A true low-level format re-writes sector marks. This means, you are re-mapping the tracks and sectors on the recording surfaces of the drive. This is the preferred method for recovering a drive with read-write errors and bad sectors. There was a time when that operation was include in the BIOS program on motherboards. That ended when hard drive capacities exceeded 512 MB and Logical Block Addressing became the norm for accessing hard drive recording space. LBA is an interpretive (logical) address-translation scheme that does not reflect the actual (physical) recording layout. The logical mask applied to a hard drive is not industry-standard; it can vary from one manufacturer to another, and probably between different-capacity drives from the same manufacturer.
The bottom line is, if the drive is physically (mechanically) damaged, it's junk; don't bother with it, other than to recover whatever data you can. If it's bad sectors, or other logical errors on a physically-healthy disk - and if you can pry the appropriate program out of the manufacturer - re-mapping your tracks and sectors is the way to go. Yes, YOU WILL LOSE EVERYTHING RECORDED ON THE DISK, so back it up first.
There is a new(ish) product on the market from Micro2000 called "EraserDisk" which claims to be able to do an honest-to-goodness track-and-sector re-mapping on any given hard drive. I'm skeptical, but I have a number of logically-crippled HD's that aren't serving any useful purpose (other than paperweights and doorstops), so I'm going to buy the disk and give it a try.

P.S. If your HD is not being recognized by the OS, the Master Boot Record has probably been corrupted. If FORMAT C: /MBR doesn't do the trick for you (and it won't if Windows doesn't recognize it as an accessible hard drive in the first place), there is an old Techie trick, involving the use of DEBUG, where you can copy the MBR from a similar drive to the dead one. I have used it to re-animate a hard drive that Windows had been reporting as a CD drive with no disk inserted.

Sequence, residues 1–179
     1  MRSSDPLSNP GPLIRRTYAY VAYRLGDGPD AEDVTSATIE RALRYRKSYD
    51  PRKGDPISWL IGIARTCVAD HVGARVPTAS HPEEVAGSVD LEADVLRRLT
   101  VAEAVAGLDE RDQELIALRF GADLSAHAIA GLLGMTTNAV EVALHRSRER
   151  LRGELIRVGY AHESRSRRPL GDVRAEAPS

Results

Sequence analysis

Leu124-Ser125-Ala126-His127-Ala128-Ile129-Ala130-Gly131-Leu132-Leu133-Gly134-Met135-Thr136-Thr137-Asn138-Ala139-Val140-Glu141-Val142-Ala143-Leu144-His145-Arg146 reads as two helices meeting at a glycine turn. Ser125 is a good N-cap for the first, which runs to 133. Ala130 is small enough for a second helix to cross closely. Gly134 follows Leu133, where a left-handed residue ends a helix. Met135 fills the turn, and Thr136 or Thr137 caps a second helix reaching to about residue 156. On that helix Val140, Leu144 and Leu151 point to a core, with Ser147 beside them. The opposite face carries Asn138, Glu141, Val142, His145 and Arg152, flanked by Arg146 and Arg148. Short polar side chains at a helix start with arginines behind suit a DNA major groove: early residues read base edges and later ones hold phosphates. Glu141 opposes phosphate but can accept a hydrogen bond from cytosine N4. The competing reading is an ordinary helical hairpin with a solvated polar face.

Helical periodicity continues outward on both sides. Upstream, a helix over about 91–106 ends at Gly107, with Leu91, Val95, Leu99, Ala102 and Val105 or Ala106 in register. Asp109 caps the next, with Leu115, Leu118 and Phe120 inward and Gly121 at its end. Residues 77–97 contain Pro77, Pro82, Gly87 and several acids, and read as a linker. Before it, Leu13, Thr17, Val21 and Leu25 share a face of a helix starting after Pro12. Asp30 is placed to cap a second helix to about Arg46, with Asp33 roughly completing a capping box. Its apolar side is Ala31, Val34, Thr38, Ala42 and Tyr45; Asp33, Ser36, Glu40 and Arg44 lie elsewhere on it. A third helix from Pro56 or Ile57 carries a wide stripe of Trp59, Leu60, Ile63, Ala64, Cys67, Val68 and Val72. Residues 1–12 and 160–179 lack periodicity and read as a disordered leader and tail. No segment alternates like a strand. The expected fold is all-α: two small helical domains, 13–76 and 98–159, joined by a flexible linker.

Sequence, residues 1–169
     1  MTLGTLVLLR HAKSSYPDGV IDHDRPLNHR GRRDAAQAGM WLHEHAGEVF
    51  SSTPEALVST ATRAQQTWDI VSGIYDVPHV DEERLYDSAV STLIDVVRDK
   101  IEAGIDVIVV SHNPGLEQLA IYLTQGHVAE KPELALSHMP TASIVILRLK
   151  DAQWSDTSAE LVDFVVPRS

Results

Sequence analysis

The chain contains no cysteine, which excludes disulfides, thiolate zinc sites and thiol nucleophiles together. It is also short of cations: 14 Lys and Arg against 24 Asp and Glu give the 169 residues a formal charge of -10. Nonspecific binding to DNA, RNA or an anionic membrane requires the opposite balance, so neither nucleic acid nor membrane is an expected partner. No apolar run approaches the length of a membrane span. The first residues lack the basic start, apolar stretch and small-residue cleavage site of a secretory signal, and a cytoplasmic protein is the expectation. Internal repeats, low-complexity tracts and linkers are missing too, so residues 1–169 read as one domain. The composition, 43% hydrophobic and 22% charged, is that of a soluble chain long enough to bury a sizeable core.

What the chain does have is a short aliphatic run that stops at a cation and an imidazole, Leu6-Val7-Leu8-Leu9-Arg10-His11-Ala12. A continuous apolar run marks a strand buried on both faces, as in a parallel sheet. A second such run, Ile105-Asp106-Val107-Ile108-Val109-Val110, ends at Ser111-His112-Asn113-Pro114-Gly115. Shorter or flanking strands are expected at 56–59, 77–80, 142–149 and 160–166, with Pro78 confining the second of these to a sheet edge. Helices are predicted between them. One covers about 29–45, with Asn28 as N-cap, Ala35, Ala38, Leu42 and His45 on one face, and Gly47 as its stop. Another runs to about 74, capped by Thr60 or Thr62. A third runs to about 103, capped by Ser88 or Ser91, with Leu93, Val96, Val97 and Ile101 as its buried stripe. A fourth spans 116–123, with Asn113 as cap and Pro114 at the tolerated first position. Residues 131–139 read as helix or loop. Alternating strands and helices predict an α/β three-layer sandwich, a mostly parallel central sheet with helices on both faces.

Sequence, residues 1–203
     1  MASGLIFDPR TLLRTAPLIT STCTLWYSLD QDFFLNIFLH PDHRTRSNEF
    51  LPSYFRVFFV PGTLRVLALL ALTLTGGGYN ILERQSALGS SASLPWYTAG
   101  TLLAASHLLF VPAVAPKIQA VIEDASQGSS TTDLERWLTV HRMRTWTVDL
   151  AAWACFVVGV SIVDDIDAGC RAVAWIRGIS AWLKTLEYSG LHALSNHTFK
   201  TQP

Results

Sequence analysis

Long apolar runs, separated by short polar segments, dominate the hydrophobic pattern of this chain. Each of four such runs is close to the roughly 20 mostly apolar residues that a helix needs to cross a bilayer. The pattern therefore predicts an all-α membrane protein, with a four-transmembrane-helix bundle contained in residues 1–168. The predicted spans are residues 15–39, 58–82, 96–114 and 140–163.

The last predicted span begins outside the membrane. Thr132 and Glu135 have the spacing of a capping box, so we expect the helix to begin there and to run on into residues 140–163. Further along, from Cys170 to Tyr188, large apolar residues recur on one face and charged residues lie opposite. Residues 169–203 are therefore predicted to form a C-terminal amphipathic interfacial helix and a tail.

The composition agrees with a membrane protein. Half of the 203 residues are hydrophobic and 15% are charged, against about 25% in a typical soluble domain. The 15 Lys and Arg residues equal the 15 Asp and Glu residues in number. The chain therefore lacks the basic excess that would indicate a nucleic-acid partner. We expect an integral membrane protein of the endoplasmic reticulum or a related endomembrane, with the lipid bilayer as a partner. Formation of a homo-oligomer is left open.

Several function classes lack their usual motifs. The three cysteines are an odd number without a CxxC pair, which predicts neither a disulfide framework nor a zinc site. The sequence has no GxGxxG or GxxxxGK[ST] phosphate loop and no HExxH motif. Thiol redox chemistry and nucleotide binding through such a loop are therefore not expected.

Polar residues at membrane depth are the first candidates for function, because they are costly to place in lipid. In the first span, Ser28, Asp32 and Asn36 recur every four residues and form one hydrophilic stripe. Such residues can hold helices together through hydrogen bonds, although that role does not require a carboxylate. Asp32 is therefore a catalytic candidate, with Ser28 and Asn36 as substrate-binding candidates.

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Virtually all modern disk drives use what is called by at least one of them as ZBR (Zone Bit Recording). Basically, they have a number of different zones on the platter from outside to inside, and there is a different sector density in each zone. This is done to achieve the maximum capacity on the drive, since the outer tracks have about three times the surface area as the inner tracks. If the recording was limited to what the inner tracks can support, the same platters would yield about 1/2 the capacity as the currently do. In addition to that, one new encoding schemes uses vertical bit recording, where there are actually multiple bits recorded in the same place, just deeper in the media.

All of this necessitates that any true LLF is done at the factory, AAMOF, I believe most new drive platters are LLF'ed during manufacture before they're even put into the drive. I don't believe a true LLF can be accomplished in the field for many if not all modern drives.